Friday, July 16, 2010

Education | College orientation is emphasized more and even involves some parents | Seattle Times Newspaper

Education | College orientation is emphasized more and even involves some parents | Seattle Times Newspaper

College orientation is emphasized more and even involves some parents

Universities are putting more emphasis on orientation than ever before, hoping it will boost student success and avert problems during the school year.
Chicago Tribune
CHICAGO — A generation ago, college orientation was a perfunctory affair, lasting little more than a day. The focus was on registering for classes and buying textbooks. If parents were needed at all, it was primarily for their wallets.
Now, universities are putting more emphasis on this annual ritual than ever before, hoping that time and energy expended during the summer will boost student success and avert problems during the school year.
At the University of Massachusetts Amherst, for example, orientation lasts 2 ½ days and includes a separate program for parents, increased from one day to two in 2006. DePaul University also has beefed up its

Later Today's Big Education Ape Posts on Parents 4 democratic Schools #education #edu #news

Parents 4 democratic Schools

Today's Big Education Ape Posts on Parents 4 democratic Schools

School Tech Connect: Teachers' Letters To Obama

School Tech Connect: Teachers' Letters To Obama

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FRIDAY, JULY 16, 2010


Teachers' Letters To Obama

Over at Teachers' Letters To Obama, I'm working on a video mash-up project that you might want to be a part of. The rough-cuts are going to

Schools Matter: Students and Teachers Everywhere Coming to Raleigh July 20 to March Against Resegregation

Schools Matter: Students and Teachers Everywhere Coming to Raleigh July 20 to March Against Resegregation

Students and Teachers Everywhere Coming to Raleigh July 20 to March Against Resegregation

Popout

From IndyWeek:

. . .the NAACP, the Great Schools in Wake coalition and a slew of other groups have come fiercely to

EdFund’s Fund Your Future� Wins Award for Best Public Service Series | The Rancho Cordova Post

EdFund’s Fund Your Future� Wins Award for Best Public Service Series | The Rancho Cordova Post

EdFund’s Fund Your Future® Wins Award for Best Public Service Series

EdFund’s Fund Your Future® workbook received the Magnum Opus Award for Best Public Service Series. Creating outreach materials that work is one of the ways EdFund serves students and families who need information on how to finance a college education.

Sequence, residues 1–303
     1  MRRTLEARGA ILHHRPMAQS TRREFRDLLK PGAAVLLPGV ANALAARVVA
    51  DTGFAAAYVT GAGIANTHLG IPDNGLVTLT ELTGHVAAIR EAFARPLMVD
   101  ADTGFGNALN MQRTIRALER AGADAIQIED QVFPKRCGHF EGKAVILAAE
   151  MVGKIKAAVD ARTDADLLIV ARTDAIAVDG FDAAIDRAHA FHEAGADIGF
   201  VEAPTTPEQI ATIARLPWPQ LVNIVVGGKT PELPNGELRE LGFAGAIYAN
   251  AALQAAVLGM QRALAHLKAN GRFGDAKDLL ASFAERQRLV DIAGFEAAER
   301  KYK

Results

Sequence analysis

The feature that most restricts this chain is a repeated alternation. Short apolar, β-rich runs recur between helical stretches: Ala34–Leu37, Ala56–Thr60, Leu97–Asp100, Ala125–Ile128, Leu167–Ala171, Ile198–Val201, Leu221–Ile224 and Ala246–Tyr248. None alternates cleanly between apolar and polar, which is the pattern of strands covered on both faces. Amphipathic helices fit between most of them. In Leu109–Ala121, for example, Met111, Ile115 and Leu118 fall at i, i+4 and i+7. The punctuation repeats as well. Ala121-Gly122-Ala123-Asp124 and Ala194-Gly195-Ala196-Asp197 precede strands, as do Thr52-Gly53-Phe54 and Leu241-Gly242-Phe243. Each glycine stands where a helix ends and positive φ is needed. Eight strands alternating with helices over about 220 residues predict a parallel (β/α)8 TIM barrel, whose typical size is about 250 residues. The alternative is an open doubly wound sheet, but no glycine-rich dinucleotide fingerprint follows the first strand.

In these uncertain economic times, it is more important than ever for students and families to understand all the options available to help pay for college. EdFund offers English and Spanish versions of the Fund Your Future financial aid

Local News | Parents of Bonner County autistic girl say they weren't consulted on education plan | Seattle Times Newspaper

Local News | Parents of Bonner County autistic girl say they weren't consulted on education plan | Seattle Times Newspaper

Parents of Bonner County autistic girl say they weren't consulted on education plan

Calling the police was one of the remedies included in the educational and behavioral plan for an 8-year-old autistic girl who was arrested and handcuffed at her elementary school in Bonner County.
The Spokesman-Review
Calling the police was one of the remedies included in the educational and behavioral plan for an 8-year-old autistic girl who was arrested and handcuffed at her elementary school in Bonner County.
Evelyn Towry's "individual education plan," or IEP, included police intervention as a course of action if the child misbehaved, according to a federal lawsuit filed by her parents, Spring and Charles Towry.
It's not unusual for such plans to include the possibility that police be called, and it's generally a matter of district policy, said Jean Taylor, Idaho Department of Education special education coordinator.
"Those policies include all ages of children and are usually set to keep staff and students safe at school," she

Ex-teacher in sex case married former Kentlake student

A former Garfield High School teacher charged with having sex with a student last year married a man who was a student at Kentlake High School while she taught there.

King outlines plans for $48M expansion of troubled data system | GothamSchools

King outlines plans for $48M expansion of troubled data system | GothamSchools

King outlines plans for $48M expansion of troubled data system

The state education department will spend nearly $48 million over the next three years completing a database that will track students’ test scores, courses and teachers from the beginning of their schooling to the end.
The database system has been hailed by state education officials as a key tool in their reform efforts. It’s intended to help the state use student test scores and grades to judge not only schools and teachers but also the programs that trained the teachers, for example. Education officials also say the system will be instrumental in helping identify students at risk of dropping out of school early on.
The state already tracks some information about students from kindergarten through twelfth grade. The data system launched in the 2006-07 school year with an expected cost of $39.4 million over six years. The systemgot off to a rocky start, plagued by delays in reporting data.
In a memo to the Board of Regents in advance of their Monday meeting, State Education Department Deputy

Remainders: Bloomberg suggests parents get “an education”

  • Bloomberg: If you send your kid to a once-closing school, you need “an education.” (Daily News)
  • More concerns e-mailed in about the principal at Columbia Prep. (CityRoom)
  • Teachers, mark Staples’ teacher-discount-day on your calendars. (NYSUT)
  • Edward Cullen did pass the twelfth grade, and beyond, thank you very much. (Answer Sheet)
  • New Orleans is trying to rebuild its education system — and its school buildings. (Good)
  • One-time Race to the Top enemy Obey now favors spending more on it. (EdWeek)
  • A Wisconsin court finds that teacher e-mails are private. (Milwaukee J-S)
  • What it looks like inside the Gates Foundation’s Seattle headquarters. (The Guardian)
  • College students say they didn’t learn to write papers in high school. (Class Struggle)

In California, a University Tries to Enroll Students that Reflect a Diverse State - The Choice Blog - NYTimes.com

In California, a University Tries to Enroll Students that Reflect a Diverse State - The Choice Blog - NYTimes.com

July 15, 2010, 5:00 PM

In California, a University Tries to Enroll Students that Reflect a Diverse State